In January 2023, a group of five oil & gas giants — ConocoPhillips, Equinor, Shell, TotalEnergies, and Vår Energi — signed an agreement to participate in the development of a digital spare parts inventory platform, called the Industry Collaboration Project (ICP). Joined later in 2023 by Australian firm Woodside Energy, ICP has now also welcomed ExxonMobil and BP to its ranks.
At the center of the project is software as a services (SaaS) provider Fieldnode, a 2020 spinoff of supply chain digitalization firm Fieldmade AS. In addition to the standardization of digital part files for and decarbonization of the oil & gas industry, a major purpose of the ICP’s creation is to enhance supply chain resilience by enabling production closer to the point-of-need.
For just about as long as I’ve been writing at 3DPrint.com, I’ve been arguing that AM will be pivotal to the future of the oil & gas sector. Lately, it has been starting to look like the oil & gas sector will be just as pivotal to the future of AM.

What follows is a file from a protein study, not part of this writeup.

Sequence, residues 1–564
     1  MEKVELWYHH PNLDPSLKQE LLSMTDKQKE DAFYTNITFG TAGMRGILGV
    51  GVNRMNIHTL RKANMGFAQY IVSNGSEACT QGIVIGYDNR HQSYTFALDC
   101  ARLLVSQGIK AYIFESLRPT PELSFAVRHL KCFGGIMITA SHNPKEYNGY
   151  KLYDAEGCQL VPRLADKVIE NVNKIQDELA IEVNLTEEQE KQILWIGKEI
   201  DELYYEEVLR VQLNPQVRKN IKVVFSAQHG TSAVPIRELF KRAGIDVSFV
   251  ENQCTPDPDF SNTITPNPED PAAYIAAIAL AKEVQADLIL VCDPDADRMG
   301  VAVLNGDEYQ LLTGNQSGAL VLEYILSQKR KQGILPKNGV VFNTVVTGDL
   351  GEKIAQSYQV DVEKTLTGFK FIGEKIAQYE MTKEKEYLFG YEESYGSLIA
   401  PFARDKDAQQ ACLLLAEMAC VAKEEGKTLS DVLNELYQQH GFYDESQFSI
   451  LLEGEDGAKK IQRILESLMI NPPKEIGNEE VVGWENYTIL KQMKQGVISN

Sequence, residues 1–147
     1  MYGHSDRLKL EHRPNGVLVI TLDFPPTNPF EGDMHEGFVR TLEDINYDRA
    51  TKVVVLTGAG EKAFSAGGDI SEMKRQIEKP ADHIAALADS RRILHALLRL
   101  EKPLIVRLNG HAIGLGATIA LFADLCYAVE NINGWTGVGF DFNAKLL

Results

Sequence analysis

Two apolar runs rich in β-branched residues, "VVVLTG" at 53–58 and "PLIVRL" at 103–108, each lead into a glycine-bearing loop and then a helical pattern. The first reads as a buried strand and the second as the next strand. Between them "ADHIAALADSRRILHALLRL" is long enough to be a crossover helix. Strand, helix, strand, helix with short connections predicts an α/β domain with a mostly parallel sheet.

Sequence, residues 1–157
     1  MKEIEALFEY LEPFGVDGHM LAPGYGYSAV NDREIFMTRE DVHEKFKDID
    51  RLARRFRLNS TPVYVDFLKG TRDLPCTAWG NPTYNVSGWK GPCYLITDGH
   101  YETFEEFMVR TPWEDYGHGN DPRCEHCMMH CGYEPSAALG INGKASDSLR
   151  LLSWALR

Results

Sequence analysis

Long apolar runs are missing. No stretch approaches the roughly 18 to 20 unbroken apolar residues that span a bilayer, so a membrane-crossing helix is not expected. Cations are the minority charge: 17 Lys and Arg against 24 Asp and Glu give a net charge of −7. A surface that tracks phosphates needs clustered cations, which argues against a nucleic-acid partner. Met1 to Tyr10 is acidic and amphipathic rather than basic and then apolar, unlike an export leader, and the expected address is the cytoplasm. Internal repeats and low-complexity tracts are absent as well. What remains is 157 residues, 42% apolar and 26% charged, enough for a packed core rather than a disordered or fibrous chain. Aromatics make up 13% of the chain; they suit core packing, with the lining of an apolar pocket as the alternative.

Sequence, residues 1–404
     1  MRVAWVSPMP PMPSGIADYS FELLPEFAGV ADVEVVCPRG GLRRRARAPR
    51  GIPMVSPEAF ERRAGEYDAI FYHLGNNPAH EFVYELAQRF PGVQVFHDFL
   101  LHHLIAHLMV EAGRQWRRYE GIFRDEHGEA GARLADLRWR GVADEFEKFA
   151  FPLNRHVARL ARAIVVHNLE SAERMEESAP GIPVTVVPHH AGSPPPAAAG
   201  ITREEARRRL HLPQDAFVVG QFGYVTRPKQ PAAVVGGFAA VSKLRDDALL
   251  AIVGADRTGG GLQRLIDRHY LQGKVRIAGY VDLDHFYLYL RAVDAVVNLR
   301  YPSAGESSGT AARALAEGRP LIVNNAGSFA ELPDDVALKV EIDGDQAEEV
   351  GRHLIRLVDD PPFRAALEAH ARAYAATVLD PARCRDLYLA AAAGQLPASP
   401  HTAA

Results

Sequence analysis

The addition of ExxonMobil and BP to Fieldnode’s digital inventory project is one of the best pieces of evidence of that so far — and not solely because they’re such enormous, wealthy organizations. Equally, their involvement confirms how serious the oil & gas sector as a whole is about to get regarding the acceleration its AM activity, because of the timing of this announcement against the backdrop of Houthi attacks on global maritime traffic through the Red Sea.
In December 2023, BP was one of the first companies — and perhaps the first non-shipping company — to pause its shipments through the Red Sea in response to the Houthi attacks. Since the Middle East is responsible for well over a quarter of global oil production and holds nearly half of global oil reserves, it would be difficult to overstate the significance to the global economy of any long-term disruptions in the Red Sea energy supply chain.
The relevance here is that the concern isn’t just getting petroleum and fuel products out of the Red Sea, but also, getting oilfield services equipment into the Gulf region. Along those lines, oil giants can be expected to prioritize the buildup of as much manufacturing capacity as possible, as close to the point-of-need as possible. In turn, this will naturally increase digital inventory management in all of the world’s other oil markets, as the Middle East is sufficiently dense and strategically located to catalyze the scaling of digital manufacturing technologies everywhere else, once the process has been initiated there.
Images courtesy of Fieldnode
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